Mark Thoma points to Daniel Little, who asks what role the study of poverty should play in economics as large. First, he depicts the contrasting sides of the debate. On one side:
Among the contemporary economists who have given the greatest attention to poverty and deprivation, Amartya Sen and Jean Dreze are particularly outstanding. Their research on well-being, quality of life, and hunger set a standard for the point of view that says that life quality and deprivation need to be at the top of the list of economic research goals.
On the other:
The economists of the Chicago School put primary emphasis on the beneficent effects of untrammeled market behavior, and they give little attention to the “market imperfections” that poverty and deprivation represent. […] Poverty seems to be viewed as a normal and fair result of the workings of market institutions: some people make large contributions and earn high income, and others make small or zero contributions and earn low income.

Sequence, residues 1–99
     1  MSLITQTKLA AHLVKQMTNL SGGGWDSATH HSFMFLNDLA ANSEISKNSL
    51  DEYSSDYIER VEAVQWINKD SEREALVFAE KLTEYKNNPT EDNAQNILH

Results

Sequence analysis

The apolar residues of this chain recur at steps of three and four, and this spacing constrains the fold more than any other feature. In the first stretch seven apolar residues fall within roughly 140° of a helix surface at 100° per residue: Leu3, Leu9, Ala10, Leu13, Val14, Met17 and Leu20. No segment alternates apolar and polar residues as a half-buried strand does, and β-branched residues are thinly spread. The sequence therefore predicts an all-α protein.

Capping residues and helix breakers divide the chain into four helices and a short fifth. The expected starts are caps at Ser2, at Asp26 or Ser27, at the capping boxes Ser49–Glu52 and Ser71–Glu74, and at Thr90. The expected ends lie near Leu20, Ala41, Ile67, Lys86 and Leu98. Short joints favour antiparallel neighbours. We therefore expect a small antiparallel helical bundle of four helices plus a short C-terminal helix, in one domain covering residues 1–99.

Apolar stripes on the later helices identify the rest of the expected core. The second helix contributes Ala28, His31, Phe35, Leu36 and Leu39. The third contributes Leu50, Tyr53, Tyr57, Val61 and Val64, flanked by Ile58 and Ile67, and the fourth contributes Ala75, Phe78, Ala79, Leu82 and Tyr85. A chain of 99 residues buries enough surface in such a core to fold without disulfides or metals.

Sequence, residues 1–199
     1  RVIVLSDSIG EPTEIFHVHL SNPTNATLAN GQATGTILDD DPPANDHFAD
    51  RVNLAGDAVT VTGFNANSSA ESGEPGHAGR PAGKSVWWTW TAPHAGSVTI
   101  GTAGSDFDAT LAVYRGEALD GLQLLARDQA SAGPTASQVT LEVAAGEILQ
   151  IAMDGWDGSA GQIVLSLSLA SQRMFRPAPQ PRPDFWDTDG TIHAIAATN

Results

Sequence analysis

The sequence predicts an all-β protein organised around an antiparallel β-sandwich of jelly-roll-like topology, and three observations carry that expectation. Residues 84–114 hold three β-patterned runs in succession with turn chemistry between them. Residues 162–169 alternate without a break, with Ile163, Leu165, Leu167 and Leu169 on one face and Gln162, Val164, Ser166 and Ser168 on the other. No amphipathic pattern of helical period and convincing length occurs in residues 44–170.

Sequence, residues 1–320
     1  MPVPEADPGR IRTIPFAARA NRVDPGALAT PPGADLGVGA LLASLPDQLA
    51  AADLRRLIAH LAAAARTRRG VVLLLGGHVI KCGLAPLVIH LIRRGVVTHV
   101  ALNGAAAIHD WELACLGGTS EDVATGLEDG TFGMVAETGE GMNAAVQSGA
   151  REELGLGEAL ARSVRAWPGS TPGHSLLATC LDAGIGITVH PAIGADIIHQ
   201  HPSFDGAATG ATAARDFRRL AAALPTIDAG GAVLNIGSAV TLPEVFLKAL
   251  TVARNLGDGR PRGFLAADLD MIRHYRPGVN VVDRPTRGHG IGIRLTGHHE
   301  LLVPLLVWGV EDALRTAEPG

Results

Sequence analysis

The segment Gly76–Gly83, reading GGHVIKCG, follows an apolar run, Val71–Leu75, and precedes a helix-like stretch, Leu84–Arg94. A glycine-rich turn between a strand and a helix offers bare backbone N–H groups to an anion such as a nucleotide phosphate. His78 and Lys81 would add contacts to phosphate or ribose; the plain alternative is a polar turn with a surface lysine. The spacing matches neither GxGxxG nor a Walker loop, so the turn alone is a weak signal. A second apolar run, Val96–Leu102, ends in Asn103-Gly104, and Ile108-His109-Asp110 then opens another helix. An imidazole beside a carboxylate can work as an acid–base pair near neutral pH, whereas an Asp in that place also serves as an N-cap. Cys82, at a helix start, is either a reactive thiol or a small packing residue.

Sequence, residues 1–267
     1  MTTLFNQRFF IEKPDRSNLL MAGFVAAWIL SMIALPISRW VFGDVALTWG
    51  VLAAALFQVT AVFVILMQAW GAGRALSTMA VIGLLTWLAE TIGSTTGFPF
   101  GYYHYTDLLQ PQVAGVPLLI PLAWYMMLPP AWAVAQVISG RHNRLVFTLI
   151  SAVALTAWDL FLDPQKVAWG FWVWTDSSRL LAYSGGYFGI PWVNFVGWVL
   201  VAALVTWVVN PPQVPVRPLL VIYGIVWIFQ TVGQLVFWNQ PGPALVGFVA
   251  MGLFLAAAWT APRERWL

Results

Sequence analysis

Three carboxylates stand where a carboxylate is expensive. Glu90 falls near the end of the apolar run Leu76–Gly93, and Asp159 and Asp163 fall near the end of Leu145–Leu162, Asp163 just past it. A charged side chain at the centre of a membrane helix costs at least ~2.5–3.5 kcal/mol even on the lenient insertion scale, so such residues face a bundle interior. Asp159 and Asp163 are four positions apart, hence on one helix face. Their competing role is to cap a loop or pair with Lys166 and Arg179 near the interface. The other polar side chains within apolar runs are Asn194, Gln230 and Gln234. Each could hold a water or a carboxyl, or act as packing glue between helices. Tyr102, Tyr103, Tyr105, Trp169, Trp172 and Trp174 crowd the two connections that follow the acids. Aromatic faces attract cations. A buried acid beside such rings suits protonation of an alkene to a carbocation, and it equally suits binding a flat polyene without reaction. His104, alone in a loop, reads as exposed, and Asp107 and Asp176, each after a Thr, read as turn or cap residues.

It is apparent that the ills of poverty are debilitating to the families who experience it; their quality of life is dramatically lower than it needs to be in an affluent society. So that is one reason for economists to give higher priority to the study of the mechanisms and structures that reproduce poverty in the United States. But there is a more systemic reason as well: if 15% of all Americans live in poverty (46 million people), and if 22% of children live in poor households (16 million children), this implies a huge drain on the productive capacity of the American economy. Education, health, and inclusion are important components of economic growth; and each of these is harmed by the persistence of poverty. So economists ought to be in the lead when it comes to placing a priority on poverty research.